The word has been out for a long time now that Katie Couric will not be ďre-uppedĒ for the job as primary anchor of CBS News. In truth, she never recovered from the massive build up she received when taking the job and the misguided attempt to remake the broadcast into ďThe Katie Couric ShowĒ with softer focus that would allow her to use her strengths over the value of the news itself. Her 15 million dollar a year contract is now talked of as being the last of its kind in broadcast history: never again will someone be paid such a massive sum to put a face and voice to the nightly news broadcast.
Whatís being circulated in the trade press today, ( 3.31.11) is that CBS wants to keep her and slot her into a syndicated (not network) talk show that would be offered to all comers, including stations programming rival networks. There is no doubt that Katie lights up when softer features and human interest stories come along. You can see it in the way she introduces a story and the smile she often has when the story is over. Okay, get her out of hard news and make her comfortable somewhere else. She is one of the biggest stars ever to come out of the news/chat formats, so let her do what she wants to, I say.
I have some advice for CBS News in terms of her replacement: donít announce it. Just let it happen. Donít even give Katie a big send off, a big last day to tear up and tell the viewers how much she loves them. Just switch the anchors gradually until the change is barely noticed (CBS can give her a temporary extension of that big contract). If she wants to have a goodbye day, call her back after the new anchor is already seated and let her anchor for a day or two. Look, this isnít brain surgery or even like being a football quarterback. It is not going to upset the balance of the world. Sub anchors come in all the time. No big deal.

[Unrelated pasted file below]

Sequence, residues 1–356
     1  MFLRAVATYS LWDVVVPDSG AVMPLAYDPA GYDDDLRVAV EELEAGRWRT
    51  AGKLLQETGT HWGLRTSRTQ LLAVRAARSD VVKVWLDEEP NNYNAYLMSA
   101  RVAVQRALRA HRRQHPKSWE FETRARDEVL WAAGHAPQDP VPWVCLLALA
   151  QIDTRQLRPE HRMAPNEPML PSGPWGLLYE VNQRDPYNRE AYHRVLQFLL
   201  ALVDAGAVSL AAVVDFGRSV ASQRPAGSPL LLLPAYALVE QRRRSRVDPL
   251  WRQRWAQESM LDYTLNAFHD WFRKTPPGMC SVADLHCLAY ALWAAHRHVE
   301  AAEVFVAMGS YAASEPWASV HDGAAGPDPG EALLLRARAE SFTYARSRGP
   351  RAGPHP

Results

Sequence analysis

I would suggest further than the networks stop playing the ďoh what a big important anchorĒ this person is altogether. Make it into less of a big deal and let the viewers decide if they love someone. Donít tell them they have to love person A, B or C.
Hereís another way to downplay the whole process: pick not one, but three or four potential new anchors. No, donít do musical chairs. Donít have them rotating in and out week to week doing nervous try outs. When you put someone in that chair, they know they are being watched and judged on their performance. Donít play up the idea that they are being considered. Just give them a larger role and see what happens.
Look, you can screw up in the usual network way and make a big deal out of the anchor change, sucking up the pub in the NY Times and the tabs and People magazine. Is that what you really want? Screw up in a new way. Make your mamma proud. Show the world your nether regions donít at all resemble those of Barry Bonds, post pills. Make it count.
Whatever you do, donít pick someone like NBCs Richard Engel to come in and anchor. Heís great in the field and thatís where we, the viewers, need him. Heís still nervous and uneasy being on television when heís back in the studio. Watching him in studio type situations, I get the idea that Engel isnít quite sure yet that he belongs where he is, so let him keep doing what he does so well. Heís not an anchor, heís a reporter and a damn good one. This applies to everyone in the CBS stable, too, who hasnít ever done a turn in studio and is doing a good job right where they are. Some people can do studio, some people can do field, some can do both. There are very few Walter Cronkites in the world. He might have been the first and the last, in fact.